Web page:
In this policy paper, several case studies derived from the experiences of Brazil, China, Europe, India and the UK with low carbon transformational policies are analysed to shed light on the importance of the tools used to guide decision-making. The transition to a low-carbon economy is rapidly changing the environmental but also the economic landscape in which government policy unfolds. Governments around the world must, in this context, decide how to position themselves, where to focus their policy efforts and investment in order to benefit environmentally and economically from the transition to a low-carbon economy.

However, certain decision-making tools which are widely in use to assess the overall desirability of a certain policy action, such as Cost Benefit Analysis (CBA), cost-effectiveness and general equilibrium modelling, have significant limitations when the aim is to transform the economy or, in other words, to change big things quickly. This is because such techniques represent the economy as statistically predictable, imposing a status quo bias, and downplaying the crucial systems dynamics that, in reality, drive transformative change.

This policy note narrates four cases of highly successful technology programs. Their purpose is to illustrate key differences between the guidance that could be derived from CBA approaches and other approaches, such as the Risk-Opportunity Approach (ROA) framework being developed by EEIST, which consider the economy as a complex system in constant change. We show that these successful technology decisions were made on considerations other than what the application of a CBA would have suggested. In other words, under a CBA representation, these major success stories would have appeared as not cost-effective and possibly not worthwhile, thus removing essential arguments in favour of their adoption. Yet, due to the diffusion and cost dynamics that have been empirically observed, as impacts of the policy strategy, the technologies have become cost-effective, indeed transformational. Suitable appraisal techniques capable of representing these dynamics are therefore urgently needed to inform decision-making on how to ‘change big things quickly’.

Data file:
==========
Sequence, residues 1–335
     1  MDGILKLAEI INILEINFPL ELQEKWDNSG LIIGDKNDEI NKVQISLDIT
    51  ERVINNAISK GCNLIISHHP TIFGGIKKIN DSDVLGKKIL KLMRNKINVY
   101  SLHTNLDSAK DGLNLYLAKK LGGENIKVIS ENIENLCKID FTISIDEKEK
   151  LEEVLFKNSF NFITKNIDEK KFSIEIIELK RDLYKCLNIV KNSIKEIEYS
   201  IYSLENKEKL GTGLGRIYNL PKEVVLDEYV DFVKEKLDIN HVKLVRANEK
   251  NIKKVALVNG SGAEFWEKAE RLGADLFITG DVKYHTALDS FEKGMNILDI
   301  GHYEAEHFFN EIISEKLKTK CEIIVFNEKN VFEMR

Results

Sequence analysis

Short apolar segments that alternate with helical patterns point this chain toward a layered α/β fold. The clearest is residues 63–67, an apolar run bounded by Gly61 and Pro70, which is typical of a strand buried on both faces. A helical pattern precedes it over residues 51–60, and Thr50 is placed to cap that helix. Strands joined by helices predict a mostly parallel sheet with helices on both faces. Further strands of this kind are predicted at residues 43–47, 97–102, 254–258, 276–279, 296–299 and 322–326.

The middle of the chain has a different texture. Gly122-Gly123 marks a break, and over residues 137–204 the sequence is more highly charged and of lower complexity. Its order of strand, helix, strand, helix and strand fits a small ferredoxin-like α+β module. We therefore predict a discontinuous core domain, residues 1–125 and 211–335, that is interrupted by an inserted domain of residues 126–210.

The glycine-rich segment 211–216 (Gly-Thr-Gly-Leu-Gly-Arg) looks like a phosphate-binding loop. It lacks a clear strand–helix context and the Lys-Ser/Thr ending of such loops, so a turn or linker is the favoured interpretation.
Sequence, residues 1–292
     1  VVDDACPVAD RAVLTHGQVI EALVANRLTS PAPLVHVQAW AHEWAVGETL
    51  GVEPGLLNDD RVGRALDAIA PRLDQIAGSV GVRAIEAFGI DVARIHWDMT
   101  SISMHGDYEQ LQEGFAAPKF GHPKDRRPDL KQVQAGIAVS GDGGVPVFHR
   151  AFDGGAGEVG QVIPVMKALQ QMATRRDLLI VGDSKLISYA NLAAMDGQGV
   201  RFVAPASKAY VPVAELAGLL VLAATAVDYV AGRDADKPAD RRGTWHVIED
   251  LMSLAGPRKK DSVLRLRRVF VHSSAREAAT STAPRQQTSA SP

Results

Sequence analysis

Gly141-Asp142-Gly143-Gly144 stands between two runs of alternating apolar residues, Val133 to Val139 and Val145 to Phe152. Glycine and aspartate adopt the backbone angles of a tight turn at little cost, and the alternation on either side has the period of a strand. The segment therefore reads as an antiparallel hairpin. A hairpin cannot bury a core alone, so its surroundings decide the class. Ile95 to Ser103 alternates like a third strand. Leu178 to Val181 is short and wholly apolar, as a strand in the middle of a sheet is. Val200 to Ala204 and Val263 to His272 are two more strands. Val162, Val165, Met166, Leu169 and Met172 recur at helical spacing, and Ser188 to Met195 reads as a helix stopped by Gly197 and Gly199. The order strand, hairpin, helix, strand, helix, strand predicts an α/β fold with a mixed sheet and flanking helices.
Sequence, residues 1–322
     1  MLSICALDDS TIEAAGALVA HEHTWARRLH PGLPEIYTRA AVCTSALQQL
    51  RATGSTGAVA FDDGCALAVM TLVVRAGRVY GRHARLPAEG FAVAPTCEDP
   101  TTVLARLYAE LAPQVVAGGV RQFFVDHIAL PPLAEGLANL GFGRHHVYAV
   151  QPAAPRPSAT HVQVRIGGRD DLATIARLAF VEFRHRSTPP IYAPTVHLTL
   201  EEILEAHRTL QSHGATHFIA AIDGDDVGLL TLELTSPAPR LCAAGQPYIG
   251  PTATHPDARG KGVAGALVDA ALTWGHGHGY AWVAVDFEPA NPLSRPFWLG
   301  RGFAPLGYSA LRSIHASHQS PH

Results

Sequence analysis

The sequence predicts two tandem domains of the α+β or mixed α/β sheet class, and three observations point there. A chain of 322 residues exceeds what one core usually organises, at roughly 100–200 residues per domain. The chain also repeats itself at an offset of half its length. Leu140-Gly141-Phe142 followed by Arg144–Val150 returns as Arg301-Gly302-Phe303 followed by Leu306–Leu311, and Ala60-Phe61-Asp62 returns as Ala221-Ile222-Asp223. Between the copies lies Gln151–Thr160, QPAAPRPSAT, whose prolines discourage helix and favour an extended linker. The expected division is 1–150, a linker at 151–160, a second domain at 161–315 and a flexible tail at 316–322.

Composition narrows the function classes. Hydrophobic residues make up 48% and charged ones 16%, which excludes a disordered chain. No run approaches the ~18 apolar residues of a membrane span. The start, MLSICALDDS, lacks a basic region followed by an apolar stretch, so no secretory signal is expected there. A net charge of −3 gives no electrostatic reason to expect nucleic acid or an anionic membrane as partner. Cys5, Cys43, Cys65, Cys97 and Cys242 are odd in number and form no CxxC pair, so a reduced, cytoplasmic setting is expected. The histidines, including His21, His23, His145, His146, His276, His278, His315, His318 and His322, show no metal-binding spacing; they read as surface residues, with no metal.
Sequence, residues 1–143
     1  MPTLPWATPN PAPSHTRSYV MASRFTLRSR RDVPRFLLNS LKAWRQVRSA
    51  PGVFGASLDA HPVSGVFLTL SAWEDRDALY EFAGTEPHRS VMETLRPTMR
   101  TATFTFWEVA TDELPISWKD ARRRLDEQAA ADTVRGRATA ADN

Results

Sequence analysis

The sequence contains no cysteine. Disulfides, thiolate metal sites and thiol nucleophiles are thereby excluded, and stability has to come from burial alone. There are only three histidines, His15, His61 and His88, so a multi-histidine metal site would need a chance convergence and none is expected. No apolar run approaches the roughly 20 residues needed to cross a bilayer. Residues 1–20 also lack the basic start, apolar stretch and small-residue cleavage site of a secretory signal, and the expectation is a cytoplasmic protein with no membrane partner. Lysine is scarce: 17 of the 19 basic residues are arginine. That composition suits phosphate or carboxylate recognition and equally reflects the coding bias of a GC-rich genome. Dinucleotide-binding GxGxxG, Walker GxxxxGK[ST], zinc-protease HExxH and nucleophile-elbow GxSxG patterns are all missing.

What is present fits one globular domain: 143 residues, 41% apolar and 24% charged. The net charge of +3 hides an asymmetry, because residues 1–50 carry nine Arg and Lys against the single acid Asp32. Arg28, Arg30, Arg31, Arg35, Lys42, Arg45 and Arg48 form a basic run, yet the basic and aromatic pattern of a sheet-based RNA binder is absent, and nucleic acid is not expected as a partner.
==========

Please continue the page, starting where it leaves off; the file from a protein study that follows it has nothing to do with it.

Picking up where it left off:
Jean-François Mercure, Matthew Ives, Femke Nijsse, Peter Barbrook-Johnson, 'Deciding how to 'change big things quickly': Pros and cons of different appraisal techniques to inform decision-making on low-carbon transformational policies', EEIST Consortium Policy Note, 2021
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